NYT columnists say heat wave proves IPCC right
Posted July 28, 2010on:
Two NY Times columnists appeared in the Bangkok Post days apart pushing the global warming agenda and challenging skeptics with temperature data from the heat wave (Our beaker is on the boil, Bangkok Post, July 21, 2010; and Who cooked the planet, Bangkok Post, July 27, 2010).
The real issues that separate the IPCC and its critics have little to do with heat waves or cold waves. They address the question of whether the IPCC has been faithful to science in making its case for catastrophic man-made climate change controllable by human intervention; that is, whether there is catastrophe in climate change and whether a scientific basis exists for the proposed policy to reduce carbon dioxide emissions from fossil fuels.
The catastrophe part of the argument includes extreme weather, rising seas, water shortages, crop failures, deforestation, and desertification. In the wake the Climategate scandasl the IPCC has withdrawn most of these claims. The slew of retractions leaves global warming without any claim to catastrophe and therefore without any leverage to influence policy.
Besides catastrophe, there are also serious questions about global warming theory that include the central question of whether it is possible to control temperature by making changes to our use of fossil fuels. Such policy implications are derived from relationships that are built into the IPCC climate models and these assumptions predetermine the predictions of the models.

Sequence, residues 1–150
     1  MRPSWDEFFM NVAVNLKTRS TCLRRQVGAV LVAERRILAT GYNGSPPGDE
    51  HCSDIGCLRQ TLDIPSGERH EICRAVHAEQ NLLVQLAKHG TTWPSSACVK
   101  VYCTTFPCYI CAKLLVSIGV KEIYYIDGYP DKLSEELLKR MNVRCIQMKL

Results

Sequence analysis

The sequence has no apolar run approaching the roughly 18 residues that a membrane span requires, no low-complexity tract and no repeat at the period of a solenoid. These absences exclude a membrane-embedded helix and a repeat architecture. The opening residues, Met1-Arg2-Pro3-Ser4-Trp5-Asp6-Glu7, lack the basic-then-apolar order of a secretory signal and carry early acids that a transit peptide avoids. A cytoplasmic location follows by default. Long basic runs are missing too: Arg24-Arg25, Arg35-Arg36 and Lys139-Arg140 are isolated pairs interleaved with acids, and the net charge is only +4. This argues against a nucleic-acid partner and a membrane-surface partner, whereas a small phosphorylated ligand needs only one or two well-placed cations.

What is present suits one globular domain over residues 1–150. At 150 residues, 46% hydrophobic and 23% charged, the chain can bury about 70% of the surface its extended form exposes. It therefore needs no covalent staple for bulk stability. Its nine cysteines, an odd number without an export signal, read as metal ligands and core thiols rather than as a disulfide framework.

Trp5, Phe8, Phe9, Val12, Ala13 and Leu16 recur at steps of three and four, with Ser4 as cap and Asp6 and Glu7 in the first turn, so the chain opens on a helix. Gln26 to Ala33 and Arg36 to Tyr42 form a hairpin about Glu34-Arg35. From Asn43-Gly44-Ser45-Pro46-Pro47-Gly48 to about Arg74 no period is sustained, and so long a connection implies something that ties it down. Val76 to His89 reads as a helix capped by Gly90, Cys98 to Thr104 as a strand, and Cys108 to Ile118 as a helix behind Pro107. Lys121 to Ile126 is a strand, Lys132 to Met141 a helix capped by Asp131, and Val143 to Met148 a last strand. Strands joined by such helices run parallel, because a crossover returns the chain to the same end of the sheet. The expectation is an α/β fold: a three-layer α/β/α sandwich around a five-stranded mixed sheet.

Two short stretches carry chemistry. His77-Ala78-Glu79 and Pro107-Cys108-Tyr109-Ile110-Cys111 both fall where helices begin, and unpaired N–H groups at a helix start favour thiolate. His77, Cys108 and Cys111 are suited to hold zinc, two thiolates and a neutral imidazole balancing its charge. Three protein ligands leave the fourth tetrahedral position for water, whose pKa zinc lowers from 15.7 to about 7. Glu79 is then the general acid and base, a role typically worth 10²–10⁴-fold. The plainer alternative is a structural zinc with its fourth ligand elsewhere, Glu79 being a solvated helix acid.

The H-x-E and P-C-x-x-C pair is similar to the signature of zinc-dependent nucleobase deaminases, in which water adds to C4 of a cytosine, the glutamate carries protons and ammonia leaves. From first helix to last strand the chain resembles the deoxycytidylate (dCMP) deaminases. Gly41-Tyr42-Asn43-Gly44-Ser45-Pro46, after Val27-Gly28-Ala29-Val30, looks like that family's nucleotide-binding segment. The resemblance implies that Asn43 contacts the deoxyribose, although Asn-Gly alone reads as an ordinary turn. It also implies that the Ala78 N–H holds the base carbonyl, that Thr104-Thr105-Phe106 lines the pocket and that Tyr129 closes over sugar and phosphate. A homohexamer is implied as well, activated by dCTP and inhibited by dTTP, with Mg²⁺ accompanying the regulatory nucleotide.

The IPCC has not presented convincing evidence that changes in fossil fuel consumption will change temperature. Correlation alone does not tell us whether carbon dioxide causes temperature or whether temperature causes carbon dioxide or whether a third unobserved variable causes both temperature and carbon dioxide. Only some kind of intervention experiment or controlled laboratory experiment can determine cause and effect – particularly that the temperature effect of carbon dioxide exists in the magnitude needed for the proposed policy to work.
Your columnists seem convinced that the heat wave has proven the IPCC climate model to be correct. If they took a look at the predicted temperature curve against the data they would think otherwise. The actual data are well below the predicted temperatures. In every case where their predictions could be checked against data, the models have failed. The only predictions that remain standing are the ones sufficiently in the future to evade verification.
The many humiliating retractions the IPCC were forced to make and the recent audit of their 2007 2ndworking group report by Dutch scientists have damaged their credibility possibly beyond repair. Aside from inexplicable school boy errors, the audit found a systematic bias in the IPCC to link climate change with catastrophe. It will take more than a heat wave to get policy makers to trust them again.